Last week, the National People’s Congress of China instituted a series of drastic changes to the country’s election laws and procedures.
The new laws will hit the hardest in Hong Kong — a formally autonomous coastal city that has taken part in several high-profile clashes with Beijing in the last decade.
According to the South China Morning Post, the new reforms will expand the size of the nation’s Election Committee from four voting blocs to five. The committee is a body of officials from various backgrounds who assist in selecting candidates and monitoring elections.
Each bloc will consist of 300 members, expanding the body to 1,500 members.
The new members will be selected from the National People’s Congress and the nation’s leading political advisory committee, the Chinese People’s Political Consultative Conference.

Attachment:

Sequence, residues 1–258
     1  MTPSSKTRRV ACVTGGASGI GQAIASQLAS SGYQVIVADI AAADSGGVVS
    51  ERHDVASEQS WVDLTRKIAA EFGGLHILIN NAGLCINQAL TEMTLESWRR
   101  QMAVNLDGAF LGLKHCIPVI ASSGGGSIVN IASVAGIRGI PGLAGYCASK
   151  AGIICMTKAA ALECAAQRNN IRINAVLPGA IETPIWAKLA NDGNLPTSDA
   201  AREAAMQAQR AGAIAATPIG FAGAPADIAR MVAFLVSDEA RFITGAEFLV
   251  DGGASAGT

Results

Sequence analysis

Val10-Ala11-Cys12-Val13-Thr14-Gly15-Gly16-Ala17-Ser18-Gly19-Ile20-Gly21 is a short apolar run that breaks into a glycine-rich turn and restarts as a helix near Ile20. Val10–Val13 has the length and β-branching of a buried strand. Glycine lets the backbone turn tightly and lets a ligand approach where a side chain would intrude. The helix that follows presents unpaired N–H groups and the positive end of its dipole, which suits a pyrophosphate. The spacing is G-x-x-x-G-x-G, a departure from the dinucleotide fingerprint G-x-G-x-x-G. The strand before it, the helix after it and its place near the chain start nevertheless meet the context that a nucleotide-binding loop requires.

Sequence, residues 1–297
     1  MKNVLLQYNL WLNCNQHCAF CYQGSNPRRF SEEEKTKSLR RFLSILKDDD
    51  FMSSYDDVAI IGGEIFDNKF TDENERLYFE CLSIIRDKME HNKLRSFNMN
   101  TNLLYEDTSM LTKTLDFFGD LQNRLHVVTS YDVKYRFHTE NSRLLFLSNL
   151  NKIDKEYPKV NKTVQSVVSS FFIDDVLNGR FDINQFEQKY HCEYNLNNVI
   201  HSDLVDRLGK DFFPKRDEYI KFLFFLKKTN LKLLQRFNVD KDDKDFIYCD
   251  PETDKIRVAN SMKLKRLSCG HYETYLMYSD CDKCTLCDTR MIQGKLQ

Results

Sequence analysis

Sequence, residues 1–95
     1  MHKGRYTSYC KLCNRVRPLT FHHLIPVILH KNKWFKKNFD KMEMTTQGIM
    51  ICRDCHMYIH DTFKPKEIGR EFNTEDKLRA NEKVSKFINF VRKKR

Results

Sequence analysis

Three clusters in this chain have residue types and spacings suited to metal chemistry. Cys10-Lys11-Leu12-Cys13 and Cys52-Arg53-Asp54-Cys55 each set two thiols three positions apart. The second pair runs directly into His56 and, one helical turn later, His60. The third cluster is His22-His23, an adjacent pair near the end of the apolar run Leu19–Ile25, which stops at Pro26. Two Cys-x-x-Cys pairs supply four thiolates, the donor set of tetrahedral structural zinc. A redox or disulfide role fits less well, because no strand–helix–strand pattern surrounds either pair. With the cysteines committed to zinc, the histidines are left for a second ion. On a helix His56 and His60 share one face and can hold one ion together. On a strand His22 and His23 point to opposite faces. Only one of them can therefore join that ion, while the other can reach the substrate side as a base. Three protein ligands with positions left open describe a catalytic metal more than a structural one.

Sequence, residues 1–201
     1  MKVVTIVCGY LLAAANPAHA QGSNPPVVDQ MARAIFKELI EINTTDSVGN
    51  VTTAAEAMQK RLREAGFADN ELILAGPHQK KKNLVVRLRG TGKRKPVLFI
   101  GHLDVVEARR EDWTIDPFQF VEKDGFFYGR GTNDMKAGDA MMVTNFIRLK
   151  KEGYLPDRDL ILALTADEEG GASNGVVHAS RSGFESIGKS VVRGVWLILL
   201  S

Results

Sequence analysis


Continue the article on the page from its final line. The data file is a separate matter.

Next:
While 300 seats were added to introduce the coalition of Beijing-loyalists, another 117 seats on the Election Committee will be eliminated under the new rules. The seats being eliminated are mostly held by opposition figures.
In addition to that change, Hong Kong’s legislative council will be expanded from 70 seats to 90. The seats will be filled by the election committee, direct elections and functional constituencies.
These changes were implemented by amending two provisions of Hong Kong’s city constitution and were put in place to ensure that only “patriots” could be selected to lead the city, according to Chinese Communist Party leadership.